A certain mystique surrounds Dead Man’s Hollow, a 450-acre patch of land located in the Youghiogheny River Valley. Remnants of a ghost town still remain from its industrial days, including the ruins of the Union Sewer Pipe Factory that burned down in the 1920s. Then there’s its unusual history.
“There are a multitude of stories connected to mysterious happenings associated with the area,” says Allegheny Land Trust (ALT) employee Keri Rouse, who serves as the community coordinator for the Hollow.
Now, two decades after ALT acquired Dead Man’s Hollow, the organization unveiled a management plan to find new ways to preserve the land and tap into its recreational potential. Their efforts include improving its habitats, removing invasive plant species and expanding its existing trails.
In the time since she started overseeing the Hollow, Rouse has become quite familiar with its haunted reputation. Even its name comes from an 1874 tale about a body found hanging from a tree.
“I prefer the ones about the 40-foot snake that supposedly lives there, and the stolen bank loot that’s still hidden on the property,” Rouse says with a laugh.
Pennsylvania Haunts & History, a blog dedicated to collecting the state’s various myths, legends and ghost stories, mentions other strange occurrences connected to Dead Man’s Hollow, including suspected murders and reports of restless spirits.
But under all the macabre and mystery is a place rich with natural wonder. In 1994, the Allegheny County Natural Heritage Inventory identified Dead Man’s Hollow as one of the region’s significant ecological areas. Last January, the state Department of Conservation and Natural Resources designated it as part of their Wild Plant Sanctuary Program for its abundance of native wildflowers and other flora. It’s also home to a wide variety of wildlife, including 26 bird species.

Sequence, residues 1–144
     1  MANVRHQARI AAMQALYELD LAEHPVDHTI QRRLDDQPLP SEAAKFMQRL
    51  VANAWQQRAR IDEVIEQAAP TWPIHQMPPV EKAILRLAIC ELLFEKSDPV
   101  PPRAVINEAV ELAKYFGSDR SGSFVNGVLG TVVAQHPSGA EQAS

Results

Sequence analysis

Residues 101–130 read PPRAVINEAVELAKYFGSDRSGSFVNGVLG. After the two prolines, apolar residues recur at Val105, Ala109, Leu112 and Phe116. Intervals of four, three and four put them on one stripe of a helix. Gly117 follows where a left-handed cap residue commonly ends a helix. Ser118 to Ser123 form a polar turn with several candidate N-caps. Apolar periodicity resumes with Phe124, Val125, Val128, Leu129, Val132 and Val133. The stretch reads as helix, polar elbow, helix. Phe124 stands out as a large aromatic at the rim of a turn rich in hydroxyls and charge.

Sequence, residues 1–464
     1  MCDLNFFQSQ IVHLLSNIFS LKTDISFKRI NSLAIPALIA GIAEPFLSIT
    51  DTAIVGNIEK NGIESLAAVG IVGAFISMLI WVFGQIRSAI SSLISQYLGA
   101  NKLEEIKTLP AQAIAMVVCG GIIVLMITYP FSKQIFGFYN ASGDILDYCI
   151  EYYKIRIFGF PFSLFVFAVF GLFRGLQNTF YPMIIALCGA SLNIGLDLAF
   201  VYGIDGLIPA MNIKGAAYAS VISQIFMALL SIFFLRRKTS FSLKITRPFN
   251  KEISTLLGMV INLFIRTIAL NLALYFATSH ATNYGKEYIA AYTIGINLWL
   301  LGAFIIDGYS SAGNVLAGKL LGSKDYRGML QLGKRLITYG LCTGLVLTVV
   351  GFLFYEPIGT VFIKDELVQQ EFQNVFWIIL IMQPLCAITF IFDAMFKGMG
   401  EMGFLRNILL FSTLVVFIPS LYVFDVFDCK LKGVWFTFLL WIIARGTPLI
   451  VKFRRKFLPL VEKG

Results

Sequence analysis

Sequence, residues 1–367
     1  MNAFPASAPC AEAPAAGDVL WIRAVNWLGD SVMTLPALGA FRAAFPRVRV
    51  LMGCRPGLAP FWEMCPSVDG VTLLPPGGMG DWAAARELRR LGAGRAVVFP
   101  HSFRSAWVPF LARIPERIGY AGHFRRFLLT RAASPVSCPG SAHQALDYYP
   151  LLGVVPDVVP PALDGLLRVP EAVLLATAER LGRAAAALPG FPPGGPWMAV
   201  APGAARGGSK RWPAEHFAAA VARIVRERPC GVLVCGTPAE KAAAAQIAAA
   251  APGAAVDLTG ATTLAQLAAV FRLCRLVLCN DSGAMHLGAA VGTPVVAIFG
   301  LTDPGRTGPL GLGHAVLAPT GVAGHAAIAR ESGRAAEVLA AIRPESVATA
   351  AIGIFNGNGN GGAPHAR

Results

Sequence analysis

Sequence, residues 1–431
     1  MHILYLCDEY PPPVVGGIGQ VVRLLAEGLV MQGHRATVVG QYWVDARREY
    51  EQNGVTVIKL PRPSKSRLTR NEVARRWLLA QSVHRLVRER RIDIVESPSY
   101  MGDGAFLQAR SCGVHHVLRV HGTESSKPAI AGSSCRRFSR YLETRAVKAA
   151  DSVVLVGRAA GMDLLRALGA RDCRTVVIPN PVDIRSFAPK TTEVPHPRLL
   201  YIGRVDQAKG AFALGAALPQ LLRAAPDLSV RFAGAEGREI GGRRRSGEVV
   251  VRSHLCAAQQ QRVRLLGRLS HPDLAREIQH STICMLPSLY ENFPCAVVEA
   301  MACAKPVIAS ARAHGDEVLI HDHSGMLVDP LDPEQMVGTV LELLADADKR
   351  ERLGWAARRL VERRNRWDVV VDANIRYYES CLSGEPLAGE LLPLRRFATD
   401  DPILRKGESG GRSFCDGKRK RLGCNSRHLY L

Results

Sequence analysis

Currently, the Hollow stands as the largest privately protected conservation area in Allegheny County.
The ALT also plans to recognize the site’s industrial past by nominating it to the National Register of Historic Places. Before the Union Sewer Pipe Factory, the property was home to a brickworks, and before that, a quarry where the use of explosives was common.
“You can still see some of the vertical fractures in the rock where they would drill down and place dynamite,” says Rouse.
While the Hollow remains a mystery to many, the ALT aims to change that by opening it up to more hikers and bikers. Right now, six miles of woodland trails weave throughout the property. It also sits along the Great Allegheny Passage, a bike trail that spans from Pittsburgh to Cumberland, MA.
Rouse says ALT’s plan includes extending the Hollow’s trails to 10 miles and making them more sustainable, as many were converted from old logging roads. To achieve this, ALT will host volunteer opportunities in the coming months and work with organizations like Landforce, a Pittsburgh-based land stewardship nonprofit that provides workforce development to adults struggling with unemployment.
They’re also focused on plants and wildlife. Earlier this month, ALT partnered with the Western Pennsylvania Conservancy and Carnegie Museum of Natural History to plant 336 tree seedlings in Dead Man’s Hollow. The effort is meant to restore the forest understory and create a more favorable habitat for resident and migratory birds.
“We’re working with several different partners to improve the area and make it a safe, healthy place for people and animals,” says Rouse.